4 = Wood/Straw: The walls are made of straw, wood or bamboo, palm leaves, secco [dried] etc. and covered or not in mudbrick or cement.
5 = Other (specify): The walls do not have any of the above characteristics. The agent records in full words the main material of the walls.

[Omitted example]

If the structure is a tent, the agent records code "5" (Other) in the box provided for this purpose and marked "tent" in full letters on the corresponding line.

Instructions: "Makeshift" shelters, that is to say, precarious dwellings with walls that are made partially or completely of sheet metal or cardboard should be classified as "other specify." The agent records in full words: "makeshift shelter in sheet metal" or "makeshift shelter in cardboard" on the corresponding line.

6.2.6.4 Main material of roof (Column H4)
The purpose of this question is to describe the main material of the roof of the main building. When the roof is composed of several materials, the agent uses the most dominant material. The agent records the code corresponding to the answer by referring to the definitions given.

[Omitted example]

[pg. 42]

1 = Sheet metal only: That is a sheet, corrugated or not of any quality. Note that plastic roofs are sheet metal roofs, but are classified as other .
2 = Sheet metal with ceiling: It is a sheet metal roof with a ceiling constructed to avoid the heat or to improve aesthetics.
3 = Tile: It is a roof made of tiles, that is to say, bricks in clay or terracotta.
4 = Concrete: It is a roof made of concrete (a mixture of cement, of gravel, of iron ... )
5 = Banco: The roofs are made of mud bricks when made mainly of wood covered with mud bricks.
6 = Thatch: Thatch is a roof made of straw, bamboo, palm leaves or other plant materials. It usually covers the majority of round hut homes.
7 = Other specify: Roof does not have the characteristics of sheet metal or tile, concrete, mud bricks or thatch listed above . The agent writes in full letters the main roof material.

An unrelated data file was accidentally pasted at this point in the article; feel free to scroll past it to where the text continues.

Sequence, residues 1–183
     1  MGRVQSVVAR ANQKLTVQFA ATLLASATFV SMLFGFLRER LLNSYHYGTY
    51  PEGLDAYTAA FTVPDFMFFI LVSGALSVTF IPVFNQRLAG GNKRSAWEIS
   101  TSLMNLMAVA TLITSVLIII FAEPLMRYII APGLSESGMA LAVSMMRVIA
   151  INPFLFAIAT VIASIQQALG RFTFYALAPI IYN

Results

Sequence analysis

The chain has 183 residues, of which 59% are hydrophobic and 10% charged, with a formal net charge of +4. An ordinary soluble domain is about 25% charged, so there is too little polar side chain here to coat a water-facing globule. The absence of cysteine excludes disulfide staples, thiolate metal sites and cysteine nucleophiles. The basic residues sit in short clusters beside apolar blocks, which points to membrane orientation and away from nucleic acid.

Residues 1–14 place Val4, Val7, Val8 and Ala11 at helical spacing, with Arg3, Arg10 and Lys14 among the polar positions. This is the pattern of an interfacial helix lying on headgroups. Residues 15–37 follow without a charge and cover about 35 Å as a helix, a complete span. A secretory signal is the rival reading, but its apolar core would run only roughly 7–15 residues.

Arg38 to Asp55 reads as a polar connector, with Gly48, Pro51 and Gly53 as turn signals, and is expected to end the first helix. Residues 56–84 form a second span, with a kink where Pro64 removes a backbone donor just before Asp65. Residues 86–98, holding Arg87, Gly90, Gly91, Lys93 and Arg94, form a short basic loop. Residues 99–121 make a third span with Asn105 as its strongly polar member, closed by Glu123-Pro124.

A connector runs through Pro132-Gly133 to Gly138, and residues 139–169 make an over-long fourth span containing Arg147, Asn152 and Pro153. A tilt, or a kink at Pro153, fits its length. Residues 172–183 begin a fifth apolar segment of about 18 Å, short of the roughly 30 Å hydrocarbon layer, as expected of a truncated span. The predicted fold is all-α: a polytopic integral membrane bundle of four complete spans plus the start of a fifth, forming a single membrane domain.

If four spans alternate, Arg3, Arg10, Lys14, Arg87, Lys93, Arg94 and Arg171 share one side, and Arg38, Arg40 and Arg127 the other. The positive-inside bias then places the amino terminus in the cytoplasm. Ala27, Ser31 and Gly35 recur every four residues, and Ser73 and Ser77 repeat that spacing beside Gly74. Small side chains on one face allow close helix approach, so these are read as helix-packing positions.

6.2.6.5 Main material of floor (Column H5)
The purpose of this question is to describe the main material of the floor in the dwelling. The agent is not required to ask the question directly; often a simple observation is enough to determine the type of floor. When the agent has no clear idea, he asks the question: "What is the main material of the floor?" He records the code corresponding to the answer in the box provided. When the agent records code "4," he must record in full words the response.

1 Cement
2 Tile
3 Clay [beaten earth]
4 Other specify

[Omitted example]

6.2.6.6 Main mode of lighting (Column H6)

1= Electricity (EDM) [##translator note: EDM is the national energy company in Mali] Household with a permanent lighting system whose wires are connected to a source of electricity distribution (Energie du Mali)
2 = Rural Electrification / Multifunctional platform: This is a source of energy by battery systems (AMADER, etc.). [##translator note: AMANDER is the Malian Agency for Domestic Energy Development and Rural Electrification]
3 = Generator: Household with its own generator
4 = Solar Panel: Household with solar panels to supply the lighting
5 = Gas: This type of lighting is an installation supplied by gas
6 = Kerosene Lamp: Household is light by kerosene lamps, whatever its shape, size ...
7 = Oil Lamp: Traditional mode of lighting with shea butter usually called Fiténé Bambara
8 = Flashlight (batteries): All lighting installations requiring batteries
9 = Other specify: Can be Firewood, none...
[pg. 43]